With all the advancements in dryer technology, the presence of static cling has remained, well, static. Wondering how to reduce static in dryer naturally? Simply reducing the drying time lessens clothing’s exposure to the heat that promotes static electricity. Learn how to get rid of dryer static with methods that are easy and friendly to both your wallet and the environment.
DIY Laundry Tips & Tricks: How to Reduce Static in Dryer
What causes static in clothes? At the risk of sounding like a high school science class, clothes share electrons as they bump against each other in the dryer. Some electrons become positively charged, while others have a negative charge. When the dryer’s tumbling stops, items with differently-charged electrons stick together, forming that annoying static cling. Here’s how to reduce static in dryer with 5 simple and effective DIY tips.
Shorten the Drying Time
As the drying cycle progresses and clothes lose their moisture, the risk of static increases as the air becomes dryer. One way to avoid this static buildup is to reduce the drying time. By pulling clothes out of the dryer as soon as they’re dry, the risk of static cling decreases while shorter drying cycles save energy.
Speaking of drying cycles, if yours seem to be getting longer, you may need to check your dryer vents. Clogged dryer vents can elongate drying times due to a lack of airflow and should be cleaned annually to prevent blockages.
Add Wool Dryer Balls
Wool dryer balls reduce static by absorbing some of the moisture in the dryer drum, creating a more humid environment that decreases static. These inexpensive balls last for years and also help fluff clothing, promoting faster drying.
Wash Clothes With Vinegar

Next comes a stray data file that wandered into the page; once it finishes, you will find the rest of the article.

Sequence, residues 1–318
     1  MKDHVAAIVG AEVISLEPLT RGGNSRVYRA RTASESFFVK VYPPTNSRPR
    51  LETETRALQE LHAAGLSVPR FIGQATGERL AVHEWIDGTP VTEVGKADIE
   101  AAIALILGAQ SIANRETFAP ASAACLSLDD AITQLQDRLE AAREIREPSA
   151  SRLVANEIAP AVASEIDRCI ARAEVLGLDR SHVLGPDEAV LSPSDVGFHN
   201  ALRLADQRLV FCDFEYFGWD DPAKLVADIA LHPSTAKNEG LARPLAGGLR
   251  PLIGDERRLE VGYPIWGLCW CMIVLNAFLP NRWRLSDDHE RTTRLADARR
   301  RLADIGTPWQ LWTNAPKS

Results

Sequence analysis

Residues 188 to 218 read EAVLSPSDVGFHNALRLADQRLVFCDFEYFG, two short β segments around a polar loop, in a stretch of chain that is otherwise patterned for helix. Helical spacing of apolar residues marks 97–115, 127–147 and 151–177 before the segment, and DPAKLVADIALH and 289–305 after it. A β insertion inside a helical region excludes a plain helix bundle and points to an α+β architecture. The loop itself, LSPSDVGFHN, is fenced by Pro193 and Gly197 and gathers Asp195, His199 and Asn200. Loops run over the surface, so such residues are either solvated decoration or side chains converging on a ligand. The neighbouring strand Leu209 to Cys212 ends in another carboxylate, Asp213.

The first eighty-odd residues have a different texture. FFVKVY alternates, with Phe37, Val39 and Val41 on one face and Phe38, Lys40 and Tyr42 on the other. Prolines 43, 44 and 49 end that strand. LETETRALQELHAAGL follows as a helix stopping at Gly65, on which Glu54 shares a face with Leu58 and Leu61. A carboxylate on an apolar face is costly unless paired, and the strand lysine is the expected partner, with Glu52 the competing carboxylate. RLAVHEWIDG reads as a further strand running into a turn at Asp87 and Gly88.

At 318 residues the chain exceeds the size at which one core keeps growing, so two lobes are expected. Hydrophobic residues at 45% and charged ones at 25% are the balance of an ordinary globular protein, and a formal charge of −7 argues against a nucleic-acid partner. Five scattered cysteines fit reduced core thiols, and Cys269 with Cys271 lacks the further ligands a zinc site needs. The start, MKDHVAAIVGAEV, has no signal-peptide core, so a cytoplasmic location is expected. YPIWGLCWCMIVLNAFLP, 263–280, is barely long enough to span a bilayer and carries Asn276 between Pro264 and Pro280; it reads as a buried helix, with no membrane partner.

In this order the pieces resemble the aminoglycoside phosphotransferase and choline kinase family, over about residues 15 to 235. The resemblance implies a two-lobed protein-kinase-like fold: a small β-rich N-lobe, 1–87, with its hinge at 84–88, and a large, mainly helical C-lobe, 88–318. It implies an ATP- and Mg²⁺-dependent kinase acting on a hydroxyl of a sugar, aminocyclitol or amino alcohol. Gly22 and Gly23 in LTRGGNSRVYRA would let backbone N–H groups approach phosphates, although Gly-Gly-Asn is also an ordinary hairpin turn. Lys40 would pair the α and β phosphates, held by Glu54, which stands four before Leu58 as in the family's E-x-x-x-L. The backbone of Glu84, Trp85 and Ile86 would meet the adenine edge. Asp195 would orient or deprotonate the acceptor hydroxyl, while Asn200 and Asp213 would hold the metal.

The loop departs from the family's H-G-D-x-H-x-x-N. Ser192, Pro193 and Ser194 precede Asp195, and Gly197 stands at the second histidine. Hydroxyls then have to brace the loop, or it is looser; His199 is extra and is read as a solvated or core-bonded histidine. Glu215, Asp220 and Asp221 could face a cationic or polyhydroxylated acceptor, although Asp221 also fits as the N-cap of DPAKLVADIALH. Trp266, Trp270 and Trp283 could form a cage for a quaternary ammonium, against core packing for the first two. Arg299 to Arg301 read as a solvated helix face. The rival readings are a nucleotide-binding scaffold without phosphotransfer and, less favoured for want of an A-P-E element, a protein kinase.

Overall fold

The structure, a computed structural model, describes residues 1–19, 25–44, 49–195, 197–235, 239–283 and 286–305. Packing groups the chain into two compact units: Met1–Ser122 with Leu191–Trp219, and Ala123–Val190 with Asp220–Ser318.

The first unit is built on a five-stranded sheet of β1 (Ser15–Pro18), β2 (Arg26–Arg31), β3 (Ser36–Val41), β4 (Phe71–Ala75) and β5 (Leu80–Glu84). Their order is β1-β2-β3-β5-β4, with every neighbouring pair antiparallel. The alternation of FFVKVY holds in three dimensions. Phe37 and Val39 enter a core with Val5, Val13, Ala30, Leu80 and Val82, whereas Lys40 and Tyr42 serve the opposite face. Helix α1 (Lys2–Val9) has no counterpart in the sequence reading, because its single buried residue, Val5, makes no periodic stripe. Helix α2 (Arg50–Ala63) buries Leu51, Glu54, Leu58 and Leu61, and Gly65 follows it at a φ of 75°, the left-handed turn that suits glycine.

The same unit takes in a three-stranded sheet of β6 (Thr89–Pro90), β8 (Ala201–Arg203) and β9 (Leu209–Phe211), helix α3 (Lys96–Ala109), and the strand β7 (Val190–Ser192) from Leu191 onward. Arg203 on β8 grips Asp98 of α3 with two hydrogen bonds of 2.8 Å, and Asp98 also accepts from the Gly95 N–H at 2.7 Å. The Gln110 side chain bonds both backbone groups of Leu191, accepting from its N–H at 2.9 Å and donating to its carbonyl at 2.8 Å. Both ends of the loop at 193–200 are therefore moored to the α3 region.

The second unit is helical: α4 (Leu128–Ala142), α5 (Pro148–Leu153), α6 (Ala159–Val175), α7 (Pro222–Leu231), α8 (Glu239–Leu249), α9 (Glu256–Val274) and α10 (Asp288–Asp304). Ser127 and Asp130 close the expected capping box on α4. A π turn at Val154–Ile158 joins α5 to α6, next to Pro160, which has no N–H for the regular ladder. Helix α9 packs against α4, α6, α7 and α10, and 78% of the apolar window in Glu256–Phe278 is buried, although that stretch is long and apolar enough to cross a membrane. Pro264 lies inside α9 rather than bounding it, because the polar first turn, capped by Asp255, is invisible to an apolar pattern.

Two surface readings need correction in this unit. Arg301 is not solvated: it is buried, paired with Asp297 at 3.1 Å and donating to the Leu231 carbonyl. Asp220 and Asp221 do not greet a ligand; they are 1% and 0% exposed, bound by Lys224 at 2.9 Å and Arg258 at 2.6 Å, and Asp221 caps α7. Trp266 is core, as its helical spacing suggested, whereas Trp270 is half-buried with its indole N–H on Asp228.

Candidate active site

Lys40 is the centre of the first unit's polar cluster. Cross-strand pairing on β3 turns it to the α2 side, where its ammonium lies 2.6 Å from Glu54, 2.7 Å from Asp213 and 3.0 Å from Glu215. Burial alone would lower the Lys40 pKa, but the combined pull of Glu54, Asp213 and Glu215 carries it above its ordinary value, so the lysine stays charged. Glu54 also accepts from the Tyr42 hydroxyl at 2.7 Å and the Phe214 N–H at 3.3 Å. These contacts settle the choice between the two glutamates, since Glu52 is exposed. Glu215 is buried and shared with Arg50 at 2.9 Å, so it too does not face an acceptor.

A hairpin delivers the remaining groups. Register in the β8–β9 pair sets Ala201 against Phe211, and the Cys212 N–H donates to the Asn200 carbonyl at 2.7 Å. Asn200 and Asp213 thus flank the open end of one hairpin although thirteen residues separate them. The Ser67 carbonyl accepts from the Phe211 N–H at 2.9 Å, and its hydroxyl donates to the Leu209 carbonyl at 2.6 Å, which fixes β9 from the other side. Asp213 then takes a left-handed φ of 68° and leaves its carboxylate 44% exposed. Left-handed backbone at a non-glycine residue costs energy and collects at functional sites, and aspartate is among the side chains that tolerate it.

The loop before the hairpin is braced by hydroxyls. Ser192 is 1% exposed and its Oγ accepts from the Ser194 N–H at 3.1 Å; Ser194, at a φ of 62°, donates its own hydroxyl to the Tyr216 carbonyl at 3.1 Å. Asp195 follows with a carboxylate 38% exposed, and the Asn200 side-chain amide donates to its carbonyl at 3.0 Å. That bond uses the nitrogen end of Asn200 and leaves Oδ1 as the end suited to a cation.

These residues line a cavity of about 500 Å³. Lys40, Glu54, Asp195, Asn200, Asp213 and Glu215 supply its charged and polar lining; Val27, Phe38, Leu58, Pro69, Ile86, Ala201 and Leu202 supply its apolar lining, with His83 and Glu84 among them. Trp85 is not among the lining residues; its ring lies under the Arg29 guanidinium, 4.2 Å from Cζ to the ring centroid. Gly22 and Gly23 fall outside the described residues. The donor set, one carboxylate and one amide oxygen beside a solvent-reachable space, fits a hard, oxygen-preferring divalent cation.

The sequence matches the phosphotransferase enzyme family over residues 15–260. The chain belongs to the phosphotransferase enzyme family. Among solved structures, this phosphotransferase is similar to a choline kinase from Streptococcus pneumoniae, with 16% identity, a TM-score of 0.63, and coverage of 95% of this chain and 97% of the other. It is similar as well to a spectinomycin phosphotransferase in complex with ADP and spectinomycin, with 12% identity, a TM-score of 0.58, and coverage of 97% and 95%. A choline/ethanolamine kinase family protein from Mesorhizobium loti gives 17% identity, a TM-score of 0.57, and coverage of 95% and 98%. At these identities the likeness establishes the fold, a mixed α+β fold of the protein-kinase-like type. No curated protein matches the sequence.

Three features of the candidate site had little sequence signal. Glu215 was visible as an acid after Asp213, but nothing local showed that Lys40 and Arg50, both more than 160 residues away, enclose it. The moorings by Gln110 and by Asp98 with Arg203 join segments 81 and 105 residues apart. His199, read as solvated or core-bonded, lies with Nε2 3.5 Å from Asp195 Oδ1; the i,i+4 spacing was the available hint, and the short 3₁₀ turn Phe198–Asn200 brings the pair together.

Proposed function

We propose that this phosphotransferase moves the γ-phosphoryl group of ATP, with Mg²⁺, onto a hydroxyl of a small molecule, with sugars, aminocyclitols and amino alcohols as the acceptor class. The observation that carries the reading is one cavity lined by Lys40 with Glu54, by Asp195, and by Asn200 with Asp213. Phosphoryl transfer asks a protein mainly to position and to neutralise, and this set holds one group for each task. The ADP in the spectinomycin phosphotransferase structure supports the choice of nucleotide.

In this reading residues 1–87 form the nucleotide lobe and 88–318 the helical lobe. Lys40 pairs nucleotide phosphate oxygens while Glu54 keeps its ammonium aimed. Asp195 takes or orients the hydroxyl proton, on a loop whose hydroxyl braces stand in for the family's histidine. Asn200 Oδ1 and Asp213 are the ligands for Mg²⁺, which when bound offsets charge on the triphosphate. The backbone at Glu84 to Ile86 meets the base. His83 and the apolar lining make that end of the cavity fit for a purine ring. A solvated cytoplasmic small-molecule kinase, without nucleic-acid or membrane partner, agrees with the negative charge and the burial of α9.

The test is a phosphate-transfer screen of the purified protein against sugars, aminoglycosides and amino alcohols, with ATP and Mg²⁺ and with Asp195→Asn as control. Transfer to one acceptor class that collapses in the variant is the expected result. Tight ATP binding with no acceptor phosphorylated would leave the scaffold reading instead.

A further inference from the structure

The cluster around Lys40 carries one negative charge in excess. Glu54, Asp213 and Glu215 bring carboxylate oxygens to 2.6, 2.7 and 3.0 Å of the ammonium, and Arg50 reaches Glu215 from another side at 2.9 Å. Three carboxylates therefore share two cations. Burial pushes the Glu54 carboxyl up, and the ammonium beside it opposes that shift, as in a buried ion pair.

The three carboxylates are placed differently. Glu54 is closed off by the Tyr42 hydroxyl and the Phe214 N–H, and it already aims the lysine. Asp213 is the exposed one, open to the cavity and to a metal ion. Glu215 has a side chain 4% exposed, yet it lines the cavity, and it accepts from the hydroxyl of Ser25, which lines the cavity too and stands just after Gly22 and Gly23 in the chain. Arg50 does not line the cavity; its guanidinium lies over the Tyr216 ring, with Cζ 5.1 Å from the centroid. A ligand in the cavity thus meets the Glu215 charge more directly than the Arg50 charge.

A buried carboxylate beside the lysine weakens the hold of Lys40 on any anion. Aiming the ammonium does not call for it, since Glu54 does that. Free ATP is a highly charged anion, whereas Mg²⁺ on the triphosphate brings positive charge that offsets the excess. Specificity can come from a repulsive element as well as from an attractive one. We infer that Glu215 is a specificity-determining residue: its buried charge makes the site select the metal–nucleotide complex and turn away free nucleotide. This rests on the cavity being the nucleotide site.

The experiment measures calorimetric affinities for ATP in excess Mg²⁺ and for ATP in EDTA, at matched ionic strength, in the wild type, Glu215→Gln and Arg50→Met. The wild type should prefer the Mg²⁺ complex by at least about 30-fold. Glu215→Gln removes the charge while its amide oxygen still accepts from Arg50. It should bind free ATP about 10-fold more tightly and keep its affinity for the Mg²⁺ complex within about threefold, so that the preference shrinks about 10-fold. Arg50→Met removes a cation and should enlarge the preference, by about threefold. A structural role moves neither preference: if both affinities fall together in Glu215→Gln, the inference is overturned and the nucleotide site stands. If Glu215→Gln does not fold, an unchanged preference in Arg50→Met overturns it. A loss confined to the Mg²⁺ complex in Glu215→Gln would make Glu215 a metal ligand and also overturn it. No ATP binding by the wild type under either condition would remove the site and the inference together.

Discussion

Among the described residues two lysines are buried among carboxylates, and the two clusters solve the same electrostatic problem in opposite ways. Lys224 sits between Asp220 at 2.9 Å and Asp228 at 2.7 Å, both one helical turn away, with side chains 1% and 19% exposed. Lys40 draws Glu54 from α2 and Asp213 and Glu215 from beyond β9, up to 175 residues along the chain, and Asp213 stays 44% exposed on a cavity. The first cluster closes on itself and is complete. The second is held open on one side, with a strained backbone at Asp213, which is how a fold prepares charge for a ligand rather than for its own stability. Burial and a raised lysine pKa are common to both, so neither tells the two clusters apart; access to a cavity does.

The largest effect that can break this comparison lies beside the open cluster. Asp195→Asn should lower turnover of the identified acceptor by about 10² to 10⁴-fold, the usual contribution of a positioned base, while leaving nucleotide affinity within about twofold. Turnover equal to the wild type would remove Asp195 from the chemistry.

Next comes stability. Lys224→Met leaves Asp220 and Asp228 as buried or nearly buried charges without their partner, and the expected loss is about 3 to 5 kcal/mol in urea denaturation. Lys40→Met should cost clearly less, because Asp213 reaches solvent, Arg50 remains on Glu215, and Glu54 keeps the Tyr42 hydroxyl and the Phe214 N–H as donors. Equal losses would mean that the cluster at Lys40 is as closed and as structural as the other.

Knowing how to reduce static in dryer also includes different washing techniques. Adding vinegar to a wash’s rinse cycle relaxes clothing fibers, acting as a natural fabric softener. As an added bonus, these relaxed fibers are also less likely to cling together and exchange the electrons that form static. While clothing may smell like vinegar coming out of the washer, the dryer’s heat should remove any strong odors.
Wondering how to reduce static cling without dryer sheets? Vinegar can work just as well in the dryer as a dryer sheet substitute. Just spray a small article of clothing with white vinegar and add it to your dryer load. Static will be reduced, while the expense and chemical additives of commercial dryer sheets are avoided.
Make Your Own Aluminum Dryer Balls
Aluminum foil balls reduce static twofold by discharging the buildup of static electricity between clothes. They also keep clothes separated, reducing their exchange of static-causing electrons and shortening drying times.
To make aluminum foil dryer balls, tear off a 3-4 foot sheet of foil and compress it into a tight ball. Using 2 or 3 balls should reduce static in a standard dryer load for up to 3 months.
Dry Synthetic Fabrics Separately
Since synthetic fabrics like polyester, rayon and nylon hold on to positive or negative charges longer, they’re more likely to develop static. Drying these items separately prevents them from charging other clothing. Remove these fabrics as soon as they’re done drying and give them a good shake to reduce their static cling.
From how to reduce static in dryer to expert dryer repair services, the professionals at Dave Smith Appliance Service have all the answers. Call us with any laundry appliance question or concern!